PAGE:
New Democrat Leader Jagmeet Singh announced that his first order of business in the House of Commons will be to pressure the Liberals to tackle the affordable housing crisis gripping British Columbia.
As he campaigned in the province, the issue of housing came up most often which is leading him to prioritize the issue.
“What we’re committed to doing is immediate action,” he told a cheering crowd of supporters. “We’re calling for the fast-tracking of investments to build new co-operative housing and non-market housing.”
Renters in Burnaby currently face what’s called demovictions, when they are kicked out of older apartments to make way for luxury condos. And with sky-high cost of renting, young people are shut out of the market.
Singh has proposed measures to build 500,000 affordable homes across Canada, challenging Prime Minister Justin Trudeau to eliminate the GST for developers building affordable homes, subsidize low-income renters and double the first-time homebuyers’ tax credit.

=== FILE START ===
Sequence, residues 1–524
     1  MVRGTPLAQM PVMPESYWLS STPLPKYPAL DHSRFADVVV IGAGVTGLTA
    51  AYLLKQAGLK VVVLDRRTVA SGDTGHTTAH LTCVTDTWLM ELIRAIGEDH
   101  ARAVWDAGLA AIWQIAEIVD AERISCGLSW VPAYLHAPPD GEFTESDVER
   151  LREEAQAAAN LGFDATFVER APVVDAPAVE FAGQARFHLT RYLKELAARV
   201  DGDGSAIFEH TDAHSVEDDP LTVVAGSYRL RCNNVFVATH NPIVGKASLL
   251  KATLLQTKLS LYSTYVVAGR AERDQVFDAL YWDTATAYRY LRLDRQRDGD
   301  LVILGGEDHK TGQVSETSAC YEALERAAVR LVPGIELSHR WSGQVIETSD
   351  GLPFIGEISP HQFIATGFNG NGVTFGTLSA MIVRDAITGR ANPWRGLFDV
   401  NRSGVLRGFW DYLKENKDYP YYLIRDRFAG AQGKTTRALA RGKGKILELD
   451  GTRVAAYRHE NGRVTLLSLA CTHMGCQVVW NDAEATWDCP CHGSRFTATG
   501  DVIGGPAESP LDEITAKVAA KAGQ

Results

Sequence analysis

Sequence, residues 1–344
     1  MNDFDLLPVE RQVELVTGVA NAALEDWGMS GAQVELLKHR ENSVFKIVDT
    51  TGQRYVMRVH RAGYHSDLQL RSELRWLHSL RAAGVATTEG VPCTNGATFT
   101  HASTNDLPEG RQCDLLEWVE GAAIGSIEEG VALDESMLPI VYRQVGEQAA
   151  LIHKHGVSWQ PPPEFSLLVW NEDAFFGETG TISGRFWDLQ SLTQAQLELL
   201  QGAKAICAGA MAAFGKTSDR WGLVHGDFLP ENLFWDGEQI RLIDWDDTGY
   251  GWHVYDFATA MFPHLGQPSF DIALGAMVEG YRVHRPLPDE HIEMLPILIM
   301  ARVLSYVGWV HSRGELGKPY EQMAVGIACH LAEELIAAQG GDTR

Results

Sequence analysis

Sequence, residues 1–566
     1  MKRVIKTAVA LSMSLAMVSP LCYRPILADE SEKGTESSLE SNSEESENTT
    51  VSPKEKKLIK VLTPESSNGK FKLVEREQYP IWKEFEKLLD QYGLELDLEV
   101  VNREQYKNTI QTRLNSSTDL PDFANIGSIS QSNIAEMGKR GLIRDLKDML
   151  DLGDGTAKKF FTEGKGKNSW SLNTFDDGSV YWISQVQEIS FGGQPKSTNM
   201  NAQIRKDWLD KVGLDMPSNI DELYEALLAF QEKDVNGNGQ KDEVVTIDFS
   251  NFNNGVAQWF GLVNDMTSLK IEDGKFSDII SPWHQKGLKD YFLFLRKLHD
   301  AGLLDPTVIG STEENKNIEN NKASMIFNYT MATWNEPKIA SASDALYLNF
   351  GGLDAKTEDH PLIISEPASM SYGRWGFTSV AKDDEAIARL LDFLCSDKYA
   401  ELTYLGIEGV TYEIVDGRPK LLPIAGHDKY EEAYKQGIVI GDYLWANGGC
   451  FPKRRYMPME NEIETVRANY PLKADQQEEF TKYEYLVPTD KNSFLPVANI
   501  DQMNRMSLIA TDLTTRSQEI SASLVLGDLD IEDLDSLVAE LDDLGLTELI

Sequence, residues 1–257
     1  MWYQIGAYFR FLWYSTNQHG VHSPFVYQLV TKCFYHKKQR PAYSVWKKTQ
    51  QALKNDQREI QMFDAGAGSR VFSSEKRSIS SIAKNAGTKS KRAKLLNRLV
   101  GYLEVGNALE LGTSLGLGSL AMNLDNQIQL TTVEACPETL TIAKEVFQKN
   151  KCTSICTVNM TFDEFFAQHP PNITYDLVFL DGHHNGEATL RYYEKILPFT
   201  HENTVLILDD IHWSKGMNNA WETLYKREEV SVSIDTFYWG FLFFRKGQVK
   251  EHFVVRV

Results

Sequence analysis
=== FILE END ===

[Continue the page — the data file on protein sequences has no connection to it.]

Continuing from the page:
Singh said he would also push for universal coverage of prescription medication and action on climate change.
He has faced internal criticism for low fundraising and poor support in the polls, but he said the NDP was “united” in the vision of ensuring the government stands up for people and not the powerful and well-connected.
Up until the last moment, no one could say for certain if Jagmeet Singh could clinch the recently concluded Burnaby South byelection. But he has won the seat and strengthened his position to lead the NDP into the upcoming federal election.
But the challenge he now faces in reviving the party’s flagging fortunes in time for this fall’s national election was underscored by the NDP’s simultaneous loss to the Liberals in Outremont — the Montreal riding that served as a launching pad for the orange wave that swept Quebec in 2011.
Singh captured Burnaby South with 39 per cent of the vote, ahead of the Liberal contender with 26 per cent and the Conservative with 22.5 per cent. Former Conservative MP Maxime Bernier’s People’s Party of Canada trailed with 10.6 per cent.
If Singh had lost, he would certainly find himself in political wilderness. He would’ve faced demands to resign as leader. -CINEWS